Tuesday, December 5, 2023

City vs. District: More on the Boca National Impasse

There is an impasse over the proposed Boca Raton National golf course.

On Monday, the Greater Boca Raton Beach and Park District made what the city council considers an unreasonable demand. Speaking for the district board at the council’s workshop meeting, Craig Ehrnst asked the council to allocate $20 million for construction of Boca National as the city’s new, public course. It would be on the site of what had been the private Ocean Breeze course in the Boca Teeca community.

Ehrnst didn’t ask the city to underwrite the cost, as the city did when the district bought the land. He didn’t ask the city to pay part of the construction cost. He asked the city to pay all of it. Mayor Scott Singer spoke for his colleagues when he said, “I want to be your partner. I wasn’t expecting 100 percent of the going-forward cost.”

Ehrnst also proposed that the district and the city be partners in operating of Boca National. But the district would be the majority partner, at 55 percent.

So the district wants the city to finance a course design with which the council doesn’t agree and then allow the district to run the course. You can understand why council members didn’t embrace such a deal.

Trying to be diplomatic, Ehrnst acknowledged the district’s mistakes on Boca National. “We did not engage the city” early enough, he says. “We didn’t provide clear financial information.”

Indeed. We are at this point only because district representatives regularly assured the city that the district would need help only with financing, being able to use Boca Raton’s excellent credit rating. They said the district could buy the land, build the course, run the course and complete other approved projects without raising taxes.

If construction of Boca National had been between $14 million and $15 million—a figure the district discussed publicly for months—“We could have handled it,” Ehrnst said. As the council sees it, the district now wants a bailout but only on the district’s terms.

For the moment, that won’t happen. Councilman Andy Thomson has persuaded his colleagues to hear from officials in Winter Park, the affluent Orlando suburb whose municipal course is much different from what the district’s designers envision. Rather than a standard 18-hole layout, Winter Park features one nine-hole course. Thompson wold like Boca National to have two such courses. Golfers could play just one, if they’re short on time, or play both in the traditional format.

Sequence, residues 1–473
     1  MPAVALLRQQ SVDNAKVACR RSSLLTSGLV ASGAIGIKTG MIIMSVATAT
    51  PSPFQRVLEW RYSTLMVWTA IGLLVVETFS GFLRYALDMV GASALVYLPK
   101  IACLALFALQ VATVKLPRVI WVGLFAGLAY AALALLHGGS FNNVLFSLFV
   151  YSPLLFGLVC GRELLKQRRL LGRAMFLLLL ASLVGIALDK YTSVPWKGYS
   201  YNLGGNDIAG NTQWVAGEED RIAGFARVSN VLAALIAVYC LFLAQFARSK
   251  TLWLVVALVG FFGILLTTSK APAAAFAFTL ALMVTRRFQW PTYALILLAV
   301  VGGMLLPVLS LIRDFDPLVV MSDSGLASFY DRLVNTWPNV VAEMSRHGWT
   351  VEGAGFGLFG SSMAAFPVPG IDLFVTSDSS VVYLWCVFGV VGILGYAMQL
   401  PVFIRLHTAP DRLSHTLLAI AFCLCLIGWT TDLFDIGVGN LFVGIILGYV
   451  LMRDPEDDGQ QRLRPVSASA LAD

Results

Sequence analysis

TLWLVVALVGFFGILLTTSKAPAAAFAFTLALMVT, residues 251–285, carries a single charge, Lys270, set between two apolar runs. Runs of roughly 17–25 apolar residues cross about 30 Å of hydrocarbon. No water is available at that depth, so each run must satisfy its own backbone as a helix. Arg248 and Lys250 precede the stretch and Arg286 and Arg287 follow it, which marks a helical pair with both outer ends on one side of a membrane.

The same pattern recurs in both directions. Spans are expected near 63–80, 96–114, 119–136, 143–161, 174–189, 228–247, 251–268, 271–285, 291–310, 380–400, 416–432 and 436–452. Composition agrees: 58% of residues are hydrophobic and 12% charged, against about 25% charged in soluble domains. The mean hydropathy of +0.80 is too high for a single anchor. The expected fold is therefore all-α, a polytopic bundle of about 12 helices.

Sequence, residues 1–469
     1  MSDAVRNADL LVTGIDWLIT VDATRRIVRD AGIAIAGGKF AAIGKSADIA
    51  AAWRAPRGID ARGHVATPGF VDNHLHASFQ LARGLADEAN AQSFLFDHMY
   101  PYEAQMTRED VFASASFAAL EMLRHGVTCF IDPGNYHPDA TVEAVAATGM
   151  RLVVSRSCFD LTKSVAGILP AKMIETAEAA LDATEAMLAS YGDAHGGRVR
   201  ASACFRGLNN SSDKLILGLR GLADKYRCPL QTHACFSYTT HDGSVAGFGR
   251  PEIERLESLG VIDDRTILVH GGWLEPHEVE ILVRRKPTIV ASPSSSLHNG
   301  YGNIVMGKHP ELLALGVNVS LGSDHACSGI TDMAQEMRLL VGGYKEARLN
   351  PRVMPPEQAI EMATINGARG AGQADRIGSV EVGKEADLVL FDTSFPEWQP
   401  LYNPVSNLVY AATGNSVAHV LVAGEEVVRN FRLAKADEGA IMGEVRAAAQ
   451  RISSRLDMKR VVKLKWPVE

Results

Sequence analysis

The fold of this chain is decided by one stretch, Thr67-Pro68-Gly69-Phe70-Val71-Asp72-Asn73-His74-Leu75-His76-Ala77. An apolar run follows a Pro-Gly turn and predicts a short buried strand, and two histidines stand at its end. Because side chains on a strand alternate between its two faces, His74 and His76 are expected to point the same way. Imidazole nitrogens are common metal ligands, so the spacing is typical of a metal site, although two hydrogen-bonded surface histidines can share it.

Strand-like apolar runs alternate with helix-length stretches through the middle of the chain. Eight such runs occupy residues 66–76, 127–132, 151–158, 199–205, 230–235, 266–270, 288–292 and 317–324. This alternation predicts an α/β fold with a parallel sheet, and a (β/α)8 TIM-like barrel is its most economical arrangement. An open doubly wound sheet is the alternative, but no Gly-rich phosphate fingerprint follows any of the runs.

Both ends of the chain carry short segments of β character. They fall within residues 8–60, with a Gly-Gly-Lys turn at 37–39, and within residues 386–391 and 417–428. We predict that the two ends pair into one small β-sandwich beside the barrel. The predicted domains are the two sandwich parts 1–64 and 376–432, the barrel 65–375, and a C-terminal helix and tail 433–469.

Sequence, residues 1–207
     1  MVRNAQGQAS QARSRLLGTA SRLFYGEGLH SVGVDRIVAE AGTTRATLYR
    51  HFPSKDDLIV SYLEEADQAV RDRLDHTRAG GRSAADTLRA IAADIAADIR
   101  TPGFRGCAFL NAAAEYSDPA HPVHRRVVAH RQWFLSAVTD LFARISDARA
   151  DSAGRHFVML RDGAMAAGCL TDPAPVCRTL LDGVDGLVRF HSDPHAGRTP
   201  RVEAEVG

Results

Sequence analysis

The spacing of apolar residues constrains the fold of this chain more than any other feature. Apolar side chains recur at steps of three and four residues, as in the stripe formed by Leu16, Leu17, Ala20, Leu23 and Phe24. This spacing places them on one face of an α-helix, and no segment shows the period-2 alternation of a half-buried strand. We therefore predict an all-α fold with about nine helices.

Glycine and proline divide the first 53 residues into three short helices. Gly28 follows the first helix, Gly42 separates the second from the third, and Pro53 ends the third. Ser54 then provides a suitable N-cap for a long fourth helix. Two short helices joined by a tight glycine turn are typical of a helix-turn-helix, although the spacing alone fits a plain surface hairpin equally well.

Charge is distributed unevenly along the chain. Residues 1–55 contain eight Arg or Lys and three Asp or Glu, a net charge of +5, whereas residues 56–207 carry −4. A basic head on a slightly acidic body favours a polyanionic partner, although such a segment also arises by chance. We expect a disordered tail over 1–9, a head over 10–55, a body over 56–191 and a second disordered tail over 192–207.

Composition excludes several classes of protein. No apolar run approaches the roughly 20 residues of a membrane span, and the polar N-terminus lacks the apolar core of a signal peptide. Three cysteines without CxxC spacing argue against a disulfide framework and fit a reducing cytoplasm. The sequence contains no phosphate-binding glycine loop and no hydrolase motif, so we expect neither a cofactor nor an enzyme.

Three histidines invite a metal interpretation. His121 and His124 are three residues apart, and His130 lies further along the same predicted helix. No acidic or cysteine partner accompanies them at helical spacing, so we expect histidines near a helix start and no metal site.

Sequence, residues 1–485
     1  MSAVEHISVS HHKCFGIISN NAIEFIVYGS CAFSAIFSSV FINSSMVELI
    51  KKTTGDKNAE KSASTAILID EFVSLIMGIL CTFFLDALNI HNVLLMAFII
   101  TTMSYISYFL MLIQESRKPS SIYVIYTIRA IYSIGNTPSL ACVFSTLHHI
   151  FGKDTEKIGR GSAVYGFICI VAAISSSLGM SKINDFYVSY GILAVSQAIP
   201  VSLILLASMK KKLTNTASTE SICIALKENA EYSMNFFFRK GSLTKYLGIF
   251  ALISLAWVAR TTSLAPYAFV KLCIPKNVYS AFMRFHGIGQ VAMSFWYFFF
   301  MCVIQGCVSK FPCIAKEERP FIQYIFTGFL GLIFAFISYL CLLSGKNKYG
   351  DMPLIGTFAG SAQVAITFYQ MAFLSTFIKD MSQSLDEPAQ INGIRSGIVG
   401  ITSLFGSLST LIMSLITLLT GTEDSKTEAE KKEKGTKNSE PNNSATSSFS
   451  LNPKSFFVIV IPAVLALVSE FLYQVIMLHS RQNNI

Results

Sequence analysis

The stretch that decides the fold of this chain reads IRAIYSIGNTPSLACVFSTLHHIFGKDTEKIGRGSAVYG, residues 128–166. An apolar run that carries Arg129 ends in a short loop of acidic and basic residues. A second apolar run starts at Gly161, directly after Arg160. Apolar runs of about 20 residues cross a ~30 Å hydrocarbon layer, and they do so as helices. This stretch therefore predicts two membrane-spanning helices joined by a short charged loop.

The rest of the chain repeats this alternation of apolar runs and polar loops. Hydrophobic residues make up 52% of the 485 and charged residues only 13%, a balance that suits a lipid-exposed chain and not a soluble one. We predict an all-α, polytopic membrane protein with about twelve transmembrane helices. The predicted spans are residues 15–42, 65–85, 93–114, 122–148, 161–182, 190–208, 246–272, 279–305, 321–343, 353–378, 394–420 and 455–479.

At the council-district meeting two weeks ago, board member Susan Vogelgesang said she had traveled to Winter Park and commented unfavorably on the course. On Monday, however, Thomson said a delegation from the city made the same trip and came back impressed.

So despite Ehrnst’s comment that Boca National is a “mutual project,” the city and district still are talking past each other. Example: The city wants greens fees at Boca National to be lower than what the district proposes.

These differences are fundamental, not minor. Representatives of Price Fazio—which designed Boca National—tried to assure council members that they weren’t looking for a “championship course.” Their goal was to attract players from all levels. They want a putting course for first-timers. They suggested that the clubhouse could offer yoga sessions.

The Price Fazio team and Ehrnst, however, strongly hinted that if the city examined the cost through its own consultant, the numbers wouldn’t change much. Some of the core cost is to remove “degraded trees.” The course has been closed since 2016 and the site has not been kept up.

Council members, though, know that $20 million isn’t the final figure. That number doesn’t include even a clubhouse smaller than the original design. And nothing has gone out for bid at a time when contractors are busy and not inclined to offer bargains.

“I am not prepared to do $20 million,” Singer said. On Wednesday, Thomson said he is “committed” to having the city take over design and construction. Other council members on Monday suggested that if the city was going to pay for the course, the city should build and operate it.

But as Thomson noted, “We couldn’t just take it.” The district board might resist if it became clear that the city wanted a very different design. Board member Erin Wright, who sounds more agreeable to a city takeover than some of her colleagues, nevertheless said she worries about a version as different as what Thomson wants.

Timing is also problematic. The council won’t meet again until July 22, because of the summer schedule. By then, the district and city budgets will be nearly complete. The city’s decision could affect other key projects, such as the Gumbo Limbo Nature Center master plan and the second phase of the de Hoernle athletic complex.

Singer said the city “will know a lot more in the next six weeks.” That may not be enough time to resolve the impasse, if the impasse can be resolved.

What BocaFirst says

The BocaFirst website keeps pushing the idea that the way out of the Boca National dispute is for the city to buy Ocean Strand. It’s the 15-acre parcel between the Intracoastal Waterway and the ocean that the district owns.